They are number one, and the Invisible Hand is both their King and their Wizard.

Act III: The King Imperative

Martin Luther King, Jr., made a powerful and ignored argument about poverty in 1967:

“As a consequence, fragmentary and spasmodic reforms have failed to reach down to the profoundest needs of the poor….In addition to the absence of coordination and sufficiency, the programs of the past all have another common failing — they are indirect [emphasis added]. Each seeks to solve poverty by first solving something else….We are likely to find that the problems of housing and education, instead of preceding the elimination of poverty, will themselves be affected if poverty is first abolished.”

Many years before King’s rise to assuming the mantle of America’s conscience (the antithesis of the Polonius character), James Baldwin identified the myopic idealism destroying the potential of American democracy and equity:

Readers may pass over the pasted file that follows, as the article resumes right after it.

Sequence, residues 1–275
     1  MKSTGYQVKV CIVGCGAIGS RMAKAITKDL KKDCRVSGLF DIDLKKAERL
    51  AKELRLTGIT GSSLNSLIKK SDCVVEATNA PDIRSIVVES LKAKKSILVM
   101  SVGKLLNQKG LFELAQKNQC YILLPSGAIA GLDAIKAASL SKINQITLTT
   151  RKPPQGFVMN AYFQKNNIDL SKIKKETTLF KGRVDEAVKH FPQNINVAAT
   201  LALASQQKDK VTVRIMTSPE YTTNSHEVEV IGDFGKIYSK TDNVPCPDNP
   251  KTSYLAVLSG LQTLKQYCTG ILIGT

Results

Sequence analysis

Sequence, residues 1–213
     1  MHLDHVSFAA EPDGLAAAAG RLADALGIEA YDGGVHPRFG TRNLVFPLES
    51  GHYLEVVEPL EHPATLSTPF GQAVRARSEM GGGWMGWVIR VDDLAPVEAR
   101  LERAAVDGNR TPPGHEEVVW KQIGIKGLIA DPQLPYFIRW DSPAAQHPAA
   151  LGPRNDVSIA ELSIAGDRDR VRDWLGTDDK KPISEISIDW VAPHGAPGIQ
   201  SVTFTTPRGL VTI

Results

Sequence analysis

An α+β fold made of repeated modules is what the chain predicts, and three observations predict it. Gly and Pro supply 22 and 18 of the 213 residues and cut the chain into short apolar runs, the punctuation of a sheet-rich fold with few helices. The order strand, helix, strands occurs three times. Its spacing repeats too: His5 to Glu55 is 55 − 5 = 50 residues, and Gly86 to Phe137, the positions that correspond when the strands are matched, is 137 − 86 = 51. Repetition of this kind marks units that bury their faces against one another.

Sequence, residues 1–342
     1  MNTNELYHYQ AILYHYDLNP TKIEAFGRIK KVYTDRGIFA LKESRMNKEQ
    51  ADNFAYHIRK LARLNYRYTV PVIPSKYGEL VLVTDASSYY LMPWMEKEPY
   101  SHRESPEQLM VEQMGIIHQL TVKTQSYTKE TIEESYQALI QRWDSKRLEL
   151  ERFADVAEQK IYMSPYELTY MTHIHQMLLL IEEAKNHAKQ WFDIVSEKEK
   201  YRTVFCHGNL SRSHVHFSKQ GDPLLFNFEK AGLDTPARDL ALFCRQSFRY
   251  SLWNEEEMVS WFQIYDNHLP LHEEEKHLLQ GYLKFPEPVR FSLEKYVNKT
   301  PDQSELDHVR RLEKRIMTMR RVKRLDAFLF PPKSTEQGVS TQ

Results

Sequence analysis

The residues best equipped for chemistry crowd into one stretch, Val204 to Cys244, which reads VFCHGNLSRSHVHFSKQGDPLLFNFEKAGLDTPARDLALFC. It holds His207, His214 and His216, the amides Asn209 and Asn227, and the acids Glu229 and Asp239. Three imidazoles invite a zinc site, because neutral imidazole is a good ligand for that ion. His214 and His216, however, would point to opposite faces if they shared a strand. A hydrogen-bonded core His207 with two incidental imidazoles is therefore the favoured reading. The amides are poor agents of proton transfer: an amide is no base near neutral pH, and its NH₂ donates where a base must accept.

“The gulf between our dream and the realities that we live with is something that we do not understand and do not wish to admit. It is almost as though we were asking that others look at what we want and turn their eyes, as we do, away from what we are….This rigid refusal to look at ourselves may well destroy us; particularly now since if we cannot understand ourselves we will not be able to understand anything.” James Baldwin, “Lockridge: ‘The American Myth’” (1948)

And then a handful of years after King called for confronting American poverty and inequity directly—not through our faith in the magical thinking of the Invisible Hand—Baldwin confronted the faces of inequity plaguing the veracity of the American Myths of equity, meritocracy, equality, and justice:

“The truth is that the country does not know what to do with its black population now that the blacks are no longer a source of wealth, are no longer to be bought and sold and bred, like cattle; and they especially do not know what to do with young black men….It is not at all accidental that the jails and the army and the needle claim so many….” James Baldwin, “No Name in the Street” (1972)